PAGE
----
Some of you say, “Words. Words. I have heard them all before. Only words. How do I know that they are true? How can anyone know?” See here how the Lord Jesus says that it is easier even for him to talk about the forgiveness of sins. But now there is one more thing he will say.


“But that you may know that the Son of man has authority on earth to forgive sin . . . he said to the paralytic, ‘I tell you, get up, take your mat and go home.’ (v.11). This was the moment of truth wasn’t it? We can all talk the talk, but do we walk the walk? Will this man walk? Is it all ‘talk’ with Jesus? The eyes of all were now fixed on the man lying helplessly there. What happened next? “He got up, took his mat and walked out in full view of them all” (vv.12). It took their breath away. They worshipped God. Men don’t worship God when they see a conjurer do his tricks. They laugh and applaud and ask one another how he does that. No one laughed or applauded that day in Capernaum. They were overwhelmed at what they saw.

The miracles of Jesus Christ were all signs that attested to his divine authority and truthfulness. He said, “I am the bread of life; I really can feed the inner man so that he is completely satisfied,” then he breaks five loaves and two fishes and feeds 5,000 men with them. The sign confirmed the truth of the claim. Again, Jesus says, “I am the resurrection and the life.” Great words. Are they just rhetoric? Then he raises Lazarus from the dead. The sign attested to the truth of the words. Here the Lord says to this man, “Your sins are forgiven.” How do we know that there is forgiveness with Christ? He proceeds to say to him, “Get up, take your mat and go home.” He got up, and walked out. Whom are we sinners dealing with?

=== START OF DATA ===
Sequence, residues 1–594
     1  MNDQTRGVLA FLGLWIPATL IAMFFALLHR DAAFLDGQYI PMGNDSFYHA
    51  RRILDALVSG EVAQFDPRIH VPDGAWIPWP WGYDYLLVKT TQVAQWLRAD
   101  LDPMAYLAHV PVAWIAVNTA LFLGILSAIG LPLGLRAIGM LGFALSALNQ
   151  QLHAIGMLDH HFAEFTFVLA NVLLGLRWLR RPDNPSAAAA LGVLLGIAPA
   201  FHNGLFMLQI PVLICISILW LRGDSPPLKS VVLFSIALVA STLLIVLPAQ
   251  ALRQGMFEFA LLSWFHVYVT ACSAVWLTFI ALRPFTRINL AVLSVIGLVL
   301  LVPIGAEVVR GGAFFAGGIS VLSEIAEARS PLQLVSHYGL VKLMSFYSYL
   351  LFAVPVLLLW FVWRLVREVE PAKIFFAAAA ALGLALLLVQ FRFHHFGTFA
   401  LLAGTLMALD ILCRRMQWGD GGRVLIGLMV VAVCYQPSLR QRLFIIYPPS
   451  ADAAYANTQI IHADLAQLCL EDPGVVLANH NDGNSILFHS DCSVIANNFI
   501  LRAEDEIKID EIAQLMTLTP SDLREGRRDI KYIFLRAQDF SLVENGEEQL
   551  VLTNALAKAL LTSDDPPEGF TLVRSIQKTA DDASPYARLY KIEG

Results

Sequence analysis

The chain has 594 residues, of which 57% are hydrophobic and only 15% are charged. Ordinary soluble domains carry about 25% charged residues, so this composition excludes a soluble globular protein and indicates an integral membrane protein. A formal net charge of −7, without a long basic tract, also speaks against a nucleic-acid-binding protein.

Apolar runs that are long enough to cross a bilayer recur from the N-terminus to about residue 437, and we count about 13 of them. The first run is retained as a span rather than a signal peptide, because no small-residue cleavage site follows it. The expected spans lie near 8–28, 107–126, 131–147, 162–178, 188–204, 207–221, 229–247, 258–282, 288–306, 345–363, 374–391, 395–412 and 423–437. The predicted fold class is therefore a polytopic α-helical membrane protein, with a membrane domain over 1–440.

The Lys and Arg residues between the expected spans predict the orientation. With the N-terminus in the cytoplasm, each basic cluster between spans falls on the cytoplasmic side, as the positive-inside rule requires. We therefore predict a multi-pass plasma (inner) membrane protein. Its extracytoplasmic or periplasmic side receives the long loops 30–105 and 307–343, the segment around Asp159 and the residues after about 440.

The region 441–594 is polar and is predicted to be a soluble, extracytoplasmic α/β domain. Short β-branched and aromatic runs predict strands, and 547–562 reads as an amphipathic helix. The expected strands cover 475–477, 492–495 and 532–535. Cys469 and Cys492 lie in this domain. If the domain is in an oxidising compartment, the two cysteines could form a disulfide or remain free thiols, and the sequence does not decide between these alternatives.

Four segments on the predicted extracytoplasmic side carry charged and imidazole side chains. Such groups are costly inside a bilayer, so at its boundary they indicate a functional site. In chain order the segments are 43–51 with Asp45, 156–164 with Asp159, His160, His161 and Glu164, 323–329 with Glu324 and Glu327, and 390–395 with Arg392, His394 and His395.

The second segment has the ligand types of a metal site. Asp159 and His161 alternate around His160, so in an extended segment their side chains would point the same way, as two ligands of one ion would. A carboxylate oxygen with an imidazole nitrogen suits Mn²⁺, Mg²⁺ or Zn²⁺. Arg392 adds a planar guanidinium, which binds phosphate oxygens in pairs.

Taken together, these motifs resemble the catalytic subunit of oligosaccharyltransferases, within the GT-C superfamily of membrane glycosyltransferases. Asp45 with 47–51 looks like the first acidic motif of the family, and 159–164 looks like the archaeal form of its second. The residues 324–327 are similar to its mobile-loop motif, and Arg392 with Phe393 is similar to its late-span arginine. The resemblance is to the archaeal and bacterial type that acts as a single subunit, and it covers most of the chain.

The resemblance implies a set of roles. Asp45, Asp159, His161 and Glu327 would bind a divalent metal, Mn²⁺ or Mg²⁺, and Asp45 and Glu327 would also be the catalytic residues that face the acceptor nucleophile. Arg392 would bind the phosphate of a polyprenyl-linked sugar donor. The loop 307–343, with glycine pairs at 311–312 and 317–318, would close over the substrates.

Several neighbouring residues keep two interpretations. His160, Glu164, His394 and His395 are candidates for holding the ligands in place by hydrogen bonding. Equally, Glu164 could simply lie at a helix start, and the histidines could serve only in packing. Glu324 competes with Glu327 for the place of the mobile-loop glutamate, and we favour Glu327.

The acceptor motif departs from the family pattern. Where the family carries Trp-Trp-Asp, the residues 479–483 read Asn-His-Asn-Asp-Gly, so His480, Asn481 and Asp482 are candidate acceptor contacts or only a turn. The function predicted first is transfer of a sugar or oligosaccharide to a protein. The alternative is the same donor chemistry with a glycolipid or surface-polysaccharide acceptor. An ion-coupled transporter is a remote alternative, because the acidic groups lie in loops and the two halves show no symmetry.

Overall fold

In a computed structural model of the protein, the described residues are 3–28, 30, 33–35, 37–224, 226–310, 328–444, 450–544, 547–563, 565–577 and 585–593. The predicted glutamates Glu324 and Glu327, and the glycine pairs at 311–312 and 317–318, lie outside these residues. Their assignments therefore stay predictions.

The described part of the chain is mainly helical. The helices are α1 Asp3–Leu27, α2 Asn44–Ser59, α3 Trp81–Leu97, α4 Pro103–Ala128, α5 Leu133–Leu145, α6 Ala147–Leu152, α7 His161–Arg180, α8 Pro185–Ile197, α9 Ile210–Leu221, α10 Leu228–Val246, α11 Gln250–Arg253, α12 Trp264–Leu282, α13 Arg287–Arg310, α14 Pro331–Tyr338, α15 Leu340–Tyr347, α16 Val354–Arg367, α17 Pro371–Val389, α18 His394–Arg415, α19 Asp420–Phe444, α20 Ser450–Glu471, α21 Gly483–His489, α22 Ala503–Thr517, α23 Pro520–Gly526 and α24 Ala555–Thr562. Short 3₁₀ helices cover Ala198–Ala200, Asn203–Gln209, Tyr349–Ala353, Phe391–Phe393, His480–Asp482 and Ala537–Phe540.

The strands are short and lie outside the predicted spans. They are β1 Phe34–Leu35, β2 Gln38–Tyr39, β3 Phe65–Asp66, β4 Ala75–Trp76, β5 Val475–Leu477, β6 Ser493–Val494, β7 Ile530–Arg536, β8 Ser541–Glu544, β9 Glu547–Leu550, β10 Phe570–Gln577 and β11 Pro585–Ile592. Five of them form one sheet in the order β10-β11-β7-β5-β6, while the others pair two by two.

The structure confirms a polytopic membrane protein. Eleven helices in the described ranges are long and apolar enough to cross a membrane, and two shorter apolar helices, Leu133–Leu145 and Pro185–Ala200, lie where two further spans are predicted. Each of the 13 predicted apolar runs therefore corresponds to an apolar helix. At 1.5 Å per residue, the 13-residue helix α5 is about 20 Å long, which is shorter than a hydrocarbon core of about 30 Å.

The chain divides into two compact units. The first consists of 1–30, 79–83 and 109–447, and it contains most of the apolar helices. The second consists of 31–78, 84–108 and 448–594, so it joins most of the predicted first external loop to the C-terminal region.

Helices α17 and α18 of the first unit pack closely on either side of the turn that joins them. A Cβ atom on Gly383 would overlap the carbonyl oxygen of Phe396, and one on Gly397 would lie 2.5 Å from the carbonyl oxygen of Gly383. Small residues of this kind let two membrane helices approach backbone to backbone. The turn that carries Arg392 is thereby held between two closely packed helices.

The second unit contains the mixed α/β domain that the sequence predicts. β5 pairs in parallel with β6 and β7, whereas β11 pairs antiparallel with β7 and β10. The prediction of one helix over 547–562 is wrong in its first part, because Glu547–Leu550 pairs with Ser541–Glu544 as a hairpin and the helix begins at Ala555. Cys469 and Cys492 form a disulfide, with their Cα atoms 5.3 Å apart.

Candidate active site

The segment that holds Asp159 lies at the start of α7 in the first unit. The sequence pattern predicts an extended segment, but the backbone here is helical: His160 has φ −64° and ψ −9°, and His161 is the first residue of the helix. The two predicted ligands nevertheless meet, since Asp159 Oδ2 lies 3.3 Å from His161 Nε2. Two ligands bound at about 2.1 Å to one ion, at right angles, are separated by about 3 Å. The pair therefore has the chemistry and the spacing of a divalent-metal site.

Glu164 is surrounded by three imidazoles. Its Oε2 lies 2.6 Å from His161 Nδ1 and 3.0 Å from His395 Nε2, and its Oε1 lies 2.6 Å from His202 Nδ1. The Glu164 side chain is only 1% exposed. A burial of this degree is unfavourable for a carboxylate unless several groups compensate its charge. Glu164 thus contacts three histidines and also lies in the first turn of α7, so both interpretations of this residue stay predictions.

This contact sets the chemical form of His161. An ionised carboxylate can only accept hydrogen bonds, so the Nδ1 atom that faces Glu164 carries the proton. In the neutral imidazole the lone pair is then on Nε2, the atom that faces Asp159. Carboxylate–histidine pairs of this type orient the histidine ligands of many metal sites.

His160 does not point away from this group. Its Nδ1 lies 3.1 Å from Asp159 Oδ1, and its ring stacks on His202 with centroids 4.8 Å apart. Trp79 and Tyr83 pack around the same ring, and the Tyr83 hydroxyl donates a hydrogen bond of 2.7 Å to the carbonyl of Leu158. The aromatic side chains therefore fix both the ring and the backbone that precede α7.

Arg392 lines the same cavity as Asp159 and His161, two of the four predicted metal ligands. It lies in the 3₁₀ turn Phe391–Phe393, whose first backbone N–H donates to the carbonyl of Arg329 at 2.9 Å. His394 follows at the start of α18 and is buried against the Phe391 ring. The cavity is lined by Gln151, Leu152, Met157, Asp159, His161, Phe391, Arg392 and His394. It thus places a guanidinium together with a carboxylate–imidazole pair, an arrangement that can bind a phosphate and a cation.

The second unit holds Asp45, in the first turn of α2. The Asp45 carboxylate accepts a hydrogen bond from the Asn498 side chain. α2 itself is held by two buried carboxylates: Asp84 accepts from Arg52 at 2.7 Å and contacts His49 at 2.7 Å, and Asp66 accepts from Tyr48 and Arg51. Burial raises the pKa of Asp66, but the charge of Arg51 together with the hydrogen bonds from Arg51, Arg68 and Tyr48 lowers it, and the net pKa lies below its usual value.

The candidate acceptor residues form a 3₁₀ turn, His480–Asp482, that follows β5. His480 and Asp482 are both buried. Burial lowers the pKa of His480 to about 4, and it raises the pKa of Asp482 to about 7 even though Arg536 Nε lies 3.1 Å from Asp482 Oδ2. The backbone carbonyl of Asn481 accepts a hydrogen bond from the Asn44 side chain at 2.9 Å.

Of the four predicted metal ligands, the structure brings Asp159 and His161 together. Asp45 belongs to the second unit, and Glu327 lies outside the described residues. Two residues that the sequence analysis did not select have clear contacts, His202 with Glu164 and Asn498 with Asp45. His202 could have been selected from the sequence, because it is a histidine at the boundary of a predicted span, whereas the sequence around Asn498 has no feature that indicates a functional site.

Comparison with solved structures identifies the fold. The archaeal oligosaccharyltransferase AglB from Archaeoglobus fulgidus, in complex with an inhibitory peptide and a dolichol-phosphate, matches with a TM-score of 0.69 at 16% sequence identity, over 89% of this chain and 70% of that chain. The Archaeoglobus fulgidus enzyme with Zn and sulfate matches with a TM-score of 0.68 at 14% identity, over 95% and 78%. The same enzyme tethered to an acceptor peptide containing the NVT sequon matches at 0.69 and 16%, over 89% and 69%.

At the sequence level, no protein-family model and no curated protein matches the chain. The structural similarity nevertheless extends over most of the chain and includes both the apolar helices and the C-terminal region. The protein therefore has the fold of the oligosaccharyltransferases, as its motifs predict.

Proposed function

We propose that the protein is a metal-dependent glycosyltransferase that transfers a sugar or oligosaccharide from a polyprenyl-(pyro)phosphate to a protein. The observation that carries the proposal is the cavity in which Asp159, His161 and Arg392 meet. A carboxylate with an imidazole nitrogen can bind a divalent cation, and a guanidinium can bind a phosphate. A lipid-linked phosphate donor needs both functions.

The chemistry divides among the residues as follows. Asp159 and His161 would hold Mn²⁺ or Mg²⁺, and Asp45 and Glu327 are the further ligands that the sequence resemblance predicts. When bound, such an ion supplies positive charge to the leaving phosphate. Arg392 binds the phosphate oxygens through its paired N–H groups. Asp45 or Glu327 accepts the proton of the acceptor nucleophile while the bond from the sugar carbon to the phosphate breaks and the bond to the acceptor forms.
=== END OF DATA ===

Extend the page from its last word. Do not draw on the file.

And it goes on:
I told you that this incident actually happened. This man was paralysed. These men brought him to Jesus and opened the roof to get him right under his nose. Christ assured him that his sins were forgiven, and then showed that this wasn’t mere words when he raised him up, transformed him, gave him his health, loosed his limbs and sent him home a new man. The people there did not think it was a trick. They said, “We’ve never seen anything like this.” They praised God.

I told you that there was a line from this man to you, because there is a line from this Saviour to you now. There is only one man in the whole world who could do this. There was not a group of healers in Israel and Jesus was the best. There was no other healer in all Israel, nor in all the Mediterranean basin, not in Europe, Asia, Africa or the Americas who could do what Christ does. There is still nobody else. Nobody else preached the Sermon on the Mount. Nobody else claimed “I and my Father are one.” Nobody else walked on water. Nobody else raised the dead. Nobody else is offering you forgiveness of your sins this morning. You can search the religions of the world throughout the centuries. Only in Christ is personal mercy for personal sins to be found. Don’t let delusions keep you from coming to Christ – that there are other Saviours and other ways to God available in other places. Don’t let such thoughts hinder you. There is just one name, and just one who offers forgiveness. That is this Christ who healed this man and who has healed most of us here from the sickness of sin, and he can heal you all. Cry mightily to him that he will do so, and continue until you are assured that he has answered you.

19 January 2003 GEOFF THOMAS